Get ready to unpack your bags and spend two nights at your last accommodation on your Utah road trip. I stayed at the Hoodoo Moab by Hilton, which features a beautiful pool and is 10 minutes from Arches National Park. If you’re looking for something a bit more budget friendly, we recommend Expedition Lodge, directly on Moab’s walkable Main Street and also 10 minutes from Arches National Park.
Or, if you’re not quite ready to leave the beauty of Utah’s quiet, colorful desert landscape just yet, check-in at Under Canvas Moab for luxurious canvas tent glamping under the stars! You’ll be about 20 minutes from Canyonlands, 10 minutes from Arches, and a 15 minute drive from downtown Moab.
Day 8 Summary
Day 9: Arches & Canyonlands National Parks
- Today, you’ll explore the incredibly scenic Arches and Canyonlands National Parks.
- Drive Time: 30 minutes from Moab to Canyonlands, and another 30 minutes from Canyonlands to Arches
While the town of Moab is closer to Arches National Park than Canyonlands, I recommend starting your day in Canyonlands due to morning crowds in Arches. Arches’ park gate is often closed in the morning when too many people enter, but late afternoon and evening is a quiet time to explore this red rock wonderland.
Grab a breakfast sandwich and coffee in town at Moab Garage Co. then hit the road for Canyonlands. Order a lunch sandwich to-go, too.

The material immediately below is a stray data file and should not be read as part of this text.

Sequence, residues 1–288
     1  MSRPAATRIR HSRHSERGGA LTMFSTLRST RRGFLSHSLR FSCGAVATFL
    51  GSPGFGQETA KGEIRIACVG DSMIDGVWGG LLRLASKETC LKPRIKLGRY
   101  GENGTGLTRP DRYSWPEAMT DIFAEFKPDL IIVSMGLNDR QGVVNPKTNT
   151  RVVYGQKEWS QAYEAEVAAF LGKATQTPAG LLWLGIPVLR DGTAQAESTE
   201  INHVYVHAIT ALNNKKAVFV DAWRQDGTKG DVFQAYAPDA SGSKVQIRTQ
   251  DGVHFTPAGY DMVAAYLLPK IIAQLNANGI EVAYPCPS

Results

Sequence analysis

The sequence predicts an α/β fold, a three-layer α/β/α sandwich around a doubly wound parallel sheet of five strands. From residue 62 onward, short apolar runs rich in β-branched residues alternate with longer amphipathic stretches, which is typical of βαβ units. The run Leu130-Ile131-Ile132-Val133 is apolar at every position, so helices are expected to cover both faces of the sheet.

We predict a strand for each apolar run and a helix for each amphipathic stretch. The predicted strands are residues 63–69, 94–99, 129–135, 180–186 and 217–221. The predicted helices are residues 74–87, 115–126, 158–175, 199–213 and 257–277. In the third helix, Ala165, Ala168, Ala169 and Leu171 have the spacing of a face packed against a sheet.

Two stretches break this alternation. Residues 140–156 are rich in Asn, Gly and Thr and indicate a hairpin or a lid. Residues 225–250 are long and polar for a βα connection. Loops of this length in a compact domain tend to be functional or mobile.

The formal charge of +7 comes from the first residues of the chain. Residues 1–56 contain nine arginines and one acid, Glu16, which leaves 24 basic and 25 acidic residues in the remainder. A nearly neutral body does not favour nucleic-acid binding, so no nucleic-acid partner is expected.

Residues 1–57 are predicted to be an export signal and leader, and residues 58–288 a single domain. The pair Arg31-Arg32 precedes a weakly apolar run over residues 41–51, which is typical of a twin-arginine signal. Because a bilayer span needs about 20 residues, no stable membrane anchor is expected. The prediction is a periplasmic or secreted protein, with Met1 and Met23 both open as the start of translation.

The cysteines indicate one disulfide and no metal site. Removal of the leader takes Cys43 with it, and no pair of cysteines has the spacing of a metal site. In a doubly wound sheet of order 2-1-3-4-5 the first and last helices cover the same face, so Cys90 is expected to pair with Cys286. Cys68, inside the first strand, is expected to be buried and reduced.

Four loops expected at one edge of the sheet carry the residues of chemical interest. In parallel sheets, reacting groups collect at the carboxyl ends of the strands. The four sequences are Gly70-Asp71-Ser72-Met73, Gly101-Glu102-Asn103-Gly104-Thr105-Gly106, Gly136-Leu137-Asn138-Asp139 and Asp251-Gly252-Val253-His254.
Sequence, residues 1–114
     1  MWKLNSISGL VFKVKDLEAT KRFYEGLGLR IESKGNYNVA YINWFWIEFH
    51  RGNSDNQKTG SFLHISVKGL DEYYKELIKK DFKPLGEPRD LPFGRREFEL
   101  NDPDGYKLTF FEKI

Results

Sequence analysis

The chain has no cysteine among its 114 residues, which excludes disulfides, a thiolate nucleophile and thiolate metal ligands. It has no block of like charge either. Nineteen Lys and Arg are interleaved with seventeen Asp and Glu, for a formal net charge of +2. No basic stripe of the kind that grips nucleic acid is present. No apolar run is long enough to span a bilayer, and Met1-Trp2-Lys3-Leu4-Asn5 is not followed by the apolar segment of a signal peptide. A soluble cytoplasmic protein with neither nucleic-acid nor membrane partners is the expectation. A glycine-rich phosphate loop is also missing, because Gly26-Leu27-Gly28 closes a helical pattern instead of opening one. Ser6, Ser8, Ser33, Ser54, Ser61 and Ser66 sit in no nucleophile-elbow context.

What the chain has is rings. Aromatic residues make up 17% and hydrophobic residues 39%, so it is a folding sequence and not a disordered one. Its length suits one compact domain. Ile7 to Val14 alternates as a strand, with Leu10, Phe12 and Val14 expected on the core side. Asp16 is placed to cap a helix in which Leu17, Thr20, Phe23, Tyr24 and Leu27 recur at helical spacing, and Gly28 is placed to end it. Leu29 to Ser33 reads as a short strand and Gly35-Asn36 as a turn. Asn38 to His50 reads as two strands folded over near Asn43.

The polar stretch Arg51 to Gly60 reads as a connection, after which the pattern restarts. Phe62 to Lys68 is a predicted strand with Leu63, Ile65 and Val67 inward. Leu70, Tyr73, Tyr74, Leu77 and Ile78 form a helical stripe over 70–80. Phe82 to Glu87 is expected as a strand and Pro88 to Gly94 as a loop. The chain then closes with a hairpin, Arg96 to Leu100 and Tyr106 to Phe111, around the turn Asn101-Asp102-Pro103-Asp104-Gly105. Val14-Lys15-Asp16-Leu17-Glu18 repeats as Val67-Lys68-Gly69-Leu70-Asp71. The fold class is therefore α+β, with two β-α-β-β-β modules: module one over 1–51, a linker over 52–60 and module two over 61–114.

The deep, dramatic canyons of Canyonlands National Park were formed by the currents of Utah’s Green and Colorado rivers over thousands of years. Its cliffs, pinnacles, and mesas stretch over thousands of acres and three distinct districts, making it hard to see much on a one-day visit – but you’re gonna see everything you can! That said, if you have extra time, Canyonlands is a great place to explore without crowds. But if you only have today, it’s best to make a mad dash back to Moab for an afternoon at Arches.
Once in Canyonlands, head to the iconic Island in the Sky. This mesa sits on sandstone cliffs 1,000 feet above the surrounding landscape, giving it the impression of being a floating “island.” It’s the easiest area of the park to reach, and every pull-out on its paved scenic drive showcases dramatic desert landscapes.
Next, head to Grand View Point to see red rock mountains, canyons, and basins from 6,080 feet. Enjoy your picnic lunch here amid the sweeping desert panoramas before heading out of the park to Arches National Park, about half an hour away.
Three hundred million years of erosion created Arches National Park’s dramatic arches, precarious rock precipices, and towering sandstone spires. And while you can’t see it all in a day, you can cover a lot of ground. Arrive after two p.m. to avoid parking problems and crowded trails, and stop at the visitor’s center for an orientation before venturing inside.
Since your time is limited, take a driving tour on the Arches Scenic Drive to see thousands of natural rock arches, ranging from a few feet to a 306-foot Landscape Arch.
The Windows Section is a favorite area when you’re short on time thanks to its large concentration of arches like North Window, Turret, and Double that are viewable from the road. But the hike to Utah license plate iconic Delicate Arch is worthwhile if you have the time and energy for the miles.